Kriyā Yoga and Cidākāśa


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Kriyā Yoga is a specific technique of meditation which aims to direct the prāṇa into the central nerve, also known as suṣumnā nāḍi. The ancient lineages of Naths, the Saivism of Kashmir and Siddhar of Tamilnadu were well acquainted with the technique of “Sushumna breath” but it was Sri Lahiri Mahasaya who took over the task of presenting, in an accessible way to all, this technique in its true identity and its essential structures.

Since ancient times, the ṛṣis of India research the relationship between the subtle body and spirituality. Just as in nature the straight lines are extremely rare, in the subtle body almost no prāṇa movement is just right. Of all the thousands of nadis suṣumnā does not arc nor is it rounded, which reveals its unusual and superhuman nature.

The divine and transcendental nature of suṣumnā is confirmed by the fact that the prāṇa only becomes active in this nerve when one is engaged in spiritual activities like meditation and prayer. Recognizing the close relationship between the suṣumnā activity and spirituality, Sri Lahiri Mahasaya sheds light on the intricate labyrinths of philosophy and practice of the attempts of man to reach spiritual realization or Ānanda (bliss).

For Sri Lahiri Mahasaya, the central nerve of suṣumnā – that is contained in every living creature – was the only true spiritual path, the secret of the bolder spiritual achievements of the soul and of his admirable mystical ascensions. By diving constantly in the inner dynamism of the ” suṣumnā breath”, the kriyavan goes through several stages of growth until the prāṇa flow become immediate predisposition to the ineffable kevala kumbhaka, that is, when prāṇa flows inside the suṣumnā nāḍi without taking any air in from the outside.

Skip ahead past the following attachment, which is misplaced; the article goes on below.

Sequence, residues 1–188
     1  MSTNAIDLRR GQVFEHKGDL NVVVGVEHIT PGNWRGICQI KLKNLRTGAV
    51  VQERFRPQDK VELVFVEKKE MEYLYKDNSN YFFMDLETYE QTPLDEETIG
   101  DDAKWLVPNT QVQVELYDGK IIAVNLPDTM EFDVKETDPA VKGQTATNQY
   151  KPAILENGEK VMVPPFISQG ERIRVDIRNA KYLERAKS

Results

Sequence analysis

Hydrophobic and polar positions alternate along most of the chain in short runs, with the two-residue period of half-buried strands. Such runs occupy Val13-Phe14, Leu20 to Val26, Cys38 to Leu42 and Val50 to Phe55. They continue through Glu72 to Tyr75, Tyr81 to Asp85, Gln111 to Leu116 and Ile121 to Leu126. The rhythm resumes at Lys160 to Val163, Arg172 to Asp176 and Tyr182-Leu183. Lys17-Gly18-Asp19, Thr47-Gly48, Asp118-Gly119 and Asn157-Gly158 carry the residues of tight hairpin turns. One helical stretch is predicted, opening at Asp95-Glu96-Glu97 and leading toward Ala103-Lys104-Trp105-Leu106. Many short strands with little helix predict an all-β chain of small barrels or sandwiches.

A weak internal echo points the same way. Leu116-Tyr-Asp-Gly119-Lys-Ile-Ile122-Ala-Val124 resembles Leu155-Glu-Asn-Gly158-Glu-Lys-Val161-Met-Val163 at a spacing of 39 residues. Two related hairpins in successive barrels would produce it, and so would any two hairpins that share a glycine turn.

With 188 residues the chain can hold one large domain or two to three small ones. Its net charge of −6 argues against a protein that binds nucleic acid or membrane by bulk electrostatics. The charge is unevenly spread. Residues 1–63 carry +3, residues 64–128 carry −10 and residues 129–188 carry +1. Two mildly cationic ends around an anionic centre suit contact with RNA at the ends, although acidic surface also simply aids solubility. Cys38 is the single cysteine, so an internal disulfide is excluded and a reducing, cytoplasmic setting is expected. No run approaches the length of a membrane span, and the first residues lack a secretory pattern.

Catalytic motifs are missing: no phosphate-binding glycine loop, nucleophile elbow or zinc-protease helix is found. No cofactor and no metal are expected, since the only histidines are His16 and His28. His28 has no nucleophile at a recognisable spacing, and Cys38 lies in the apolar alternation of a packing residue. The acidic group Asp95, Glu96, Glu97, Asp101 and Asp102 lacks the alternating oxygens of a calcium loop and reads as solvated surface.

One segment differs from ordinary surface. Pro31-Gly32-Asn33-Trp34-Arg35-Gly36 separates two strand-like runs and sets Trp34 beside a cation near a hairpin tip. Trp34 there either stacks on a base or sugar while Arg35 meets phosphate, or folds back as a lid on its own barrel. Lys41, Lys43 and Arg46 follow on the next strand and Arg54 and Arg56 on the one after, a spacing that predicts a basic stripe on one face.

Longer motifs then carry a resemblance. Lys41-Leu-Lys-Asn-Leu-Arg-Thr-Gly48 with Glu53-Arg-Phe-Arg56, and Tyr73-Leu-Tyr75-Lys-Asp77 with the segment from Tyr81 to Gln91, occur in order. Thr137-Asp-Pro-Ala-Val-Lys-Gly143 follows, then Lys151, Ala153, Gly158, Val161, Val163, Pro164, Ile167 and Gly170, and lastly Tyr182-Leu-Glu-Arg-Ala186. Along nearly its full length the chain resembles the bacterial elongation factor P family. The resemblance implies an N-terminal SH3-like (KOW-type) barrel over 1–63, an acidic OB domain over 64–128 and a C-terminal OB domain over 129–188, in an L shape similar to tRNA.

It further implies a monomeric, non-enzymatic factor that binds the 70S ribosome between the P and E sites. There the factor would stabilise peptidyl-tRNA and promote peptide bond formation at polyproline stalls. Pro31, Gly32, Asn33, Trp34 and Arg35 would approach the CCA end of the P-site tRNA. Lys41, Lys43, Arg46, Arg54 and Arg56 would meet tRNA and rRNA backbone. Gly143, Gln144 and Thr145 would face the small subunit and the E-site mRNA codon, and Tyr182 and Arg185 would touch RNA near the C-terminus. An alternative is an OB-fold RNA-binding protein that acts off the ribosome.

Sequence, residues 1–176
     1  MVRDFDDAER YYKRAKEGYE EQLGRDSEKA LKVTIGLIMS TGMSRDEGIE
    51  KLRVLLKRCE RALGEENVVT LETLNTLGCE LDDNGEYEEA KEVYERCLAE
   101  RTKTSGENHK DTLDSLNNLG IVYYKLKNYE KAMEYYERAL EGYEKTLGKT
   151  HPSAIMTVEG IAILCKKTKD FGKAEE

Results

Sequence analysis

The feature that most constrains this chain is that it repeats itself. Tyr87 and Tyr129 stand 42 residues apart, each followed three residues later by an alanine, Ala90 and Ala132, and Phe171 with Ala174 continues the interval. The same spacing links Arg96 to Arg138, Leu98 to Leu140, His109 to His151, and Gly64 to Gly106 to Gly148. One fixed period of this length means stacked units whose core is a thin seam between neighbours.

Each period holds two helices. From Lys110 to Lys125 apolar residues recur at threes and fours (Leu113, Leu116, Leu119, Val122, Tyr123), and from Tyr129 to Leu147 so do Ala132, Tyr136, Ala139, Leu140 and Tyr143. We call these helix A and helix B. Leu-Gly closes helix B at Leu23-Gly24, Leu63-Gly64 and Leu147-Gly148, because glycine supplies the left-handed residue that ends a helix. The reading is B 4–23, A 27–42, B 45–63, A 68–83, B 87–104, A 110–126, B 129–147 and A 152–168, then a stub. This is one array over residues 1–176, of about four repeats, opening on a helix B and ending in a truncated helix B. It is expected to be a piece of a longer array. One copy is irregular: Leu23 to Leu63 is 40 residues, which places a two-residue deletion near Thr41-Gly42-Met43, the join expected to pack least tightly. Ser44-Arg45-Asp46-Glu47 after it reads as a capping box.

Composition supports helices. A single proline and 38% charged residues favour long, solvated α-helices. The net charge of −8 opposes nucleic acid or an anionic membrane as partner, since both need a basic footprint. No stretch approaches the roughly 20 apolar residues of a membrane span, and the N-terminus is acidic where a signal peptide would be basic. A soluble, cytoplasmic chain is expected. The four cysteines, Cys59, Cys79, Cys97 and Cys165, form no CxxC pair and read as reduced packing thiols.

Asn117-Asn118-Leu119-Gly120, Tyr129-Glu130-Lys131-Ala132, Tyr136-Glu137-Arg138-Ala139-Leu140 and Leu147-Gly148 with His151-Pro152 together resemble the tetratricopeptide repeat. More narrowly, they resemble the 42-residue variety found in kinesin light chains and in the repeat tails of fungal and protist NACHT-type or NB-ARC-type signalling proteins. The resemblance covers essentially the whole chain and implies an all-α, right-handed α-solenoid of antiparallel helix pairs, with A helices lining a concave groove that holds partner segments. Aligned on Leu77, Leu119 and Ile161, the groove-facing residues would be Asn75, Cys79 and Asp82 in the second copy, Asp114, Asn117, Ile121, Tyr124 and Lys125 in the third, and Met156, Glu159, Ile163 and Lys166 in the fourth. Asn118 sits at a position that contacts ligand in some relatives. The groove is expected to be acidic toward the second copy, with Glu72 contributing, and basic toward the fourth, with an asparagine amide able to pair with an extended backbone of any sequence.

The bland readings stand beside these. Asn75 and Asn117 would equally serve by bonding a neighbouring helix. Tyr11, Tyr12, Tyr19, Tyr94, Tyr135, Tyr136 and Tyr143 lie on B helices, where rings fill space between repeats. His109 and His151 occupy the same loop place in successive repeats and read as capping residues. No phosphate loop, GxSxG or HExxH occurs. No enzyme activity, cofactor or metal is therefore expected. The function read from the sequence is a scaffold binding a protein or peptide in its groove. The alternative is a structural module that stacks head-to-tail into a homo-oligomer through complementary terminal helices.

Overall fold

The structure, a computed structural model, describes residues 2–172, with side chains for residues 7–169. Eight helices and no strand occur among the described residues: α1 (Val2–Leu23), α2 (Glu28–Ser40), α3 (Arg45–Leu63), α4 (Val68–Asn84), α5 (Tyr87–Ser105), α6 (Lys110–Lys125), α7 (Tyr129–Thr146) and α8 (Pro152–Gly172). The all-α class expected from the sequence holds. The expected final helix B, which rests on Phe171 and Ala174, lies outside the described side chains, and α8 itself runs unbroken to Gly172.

When the awareness and prāṇa flow through the suṣumnā, the mind experiences peace and bliss. Manas begins to experience Cidākāśa – the inner space – and becomes one with it (Kaivalya). This is the first stage of Samadhi. A Divine intoxication happens in the spine and brain. The asana posture becomes firm and khecarī mudrā can really become stable.  Aum or  Bindu Nada is perceived. The 6 cakras in suṣumnā start appearing.

The flow of prāṇa in suṣumnā raises several visions of Cidākāśa  – a bedroom, a cave, a lounge, a tunnel, the sky, bhramara-guha,  etc. (Please, read, Kūṭaṣtha (the light of Pure Consciousness), animals (elephant in the muladhara, the alligator in svadhisthana, and so on) and various Devas and Devis.

It is precisely within Cidākāśa – in the inner space of ājñā cakra – that the fascinating journey into the suṣumnā culminates. This is where the kriyavan experience Bindu Nada (point of sound at the heart of the ājñā). In the beginning, the internal sounds are of a wide variety, and are isolated experiences. But when it progresses in practice, the sound becomes increasingly more subtle. A sound vibration is felt initially in the passage of the suṣumnā, and then the clear sound is heard in the Bindu Nada. The Om sound you hear is long, continuous, uniform, captivating and attracts the bee of mind like nectar. By merging the mind with Bindu Nada, Paravastha is attained.

The presence of prāṇa in suṣumnā is responsible for the brilliant vision of Kūṭaṣtha. In the Cidākāśa state, if attention is fixed on bhrumadhya or in the space that is seen in the inner eyelids before the eyes, the Light becomes visible to you. The reports describing how this Light appears are innumerable. Sometimes the Cidākāśa – such as a cloudless sky, a bright chamber, etc –  appears illuminated and this is also an experience of Kūṭaṣtha. In the beginning, the experiences with Jyoti are very sporadic and short-duration. Try to witness Kūṭaṣtha vision continually regardless of whether it continues or disappears. By merging the mind with Kūṭaṣtha, another degree or quality of Samadhi is attained.   

The union of the mind with the inner Light (Kūṭaṣtha) and Sound (Nada) which occurs in the dimension of the Cidākāśa, it is the crowning glory of Kriyā Yoga.   The intelligent kriyavan should always meditate on your Ātman inside the hidden chamber of Cidākāśa, and also try to get the union of the self with the Light and Sound. Because only when Sat (Being) and Cid (consciousness) are joined, the bliss of Nirvikalpa Samadhi is attained. So Cidākāśa becomes Hṛdayākāśa, the space of heart center where the kriyavan can feel oneness with Brahman within oneself (ātman) – “I am Spirit”, aham brahmasmi –  in which there is not the slightest trace of duality, and the realization (Siddhi) is complete.

Much blessings, peace and bliss!

Prabhu Yogi2

Author: Yogi Professor Ramdas Prabhuji, Disciple of Shri Maheshwari Prasad Dubeyji in Shri Panchanan Lineage of Lahiri Mahasaya Kriya Yoga.

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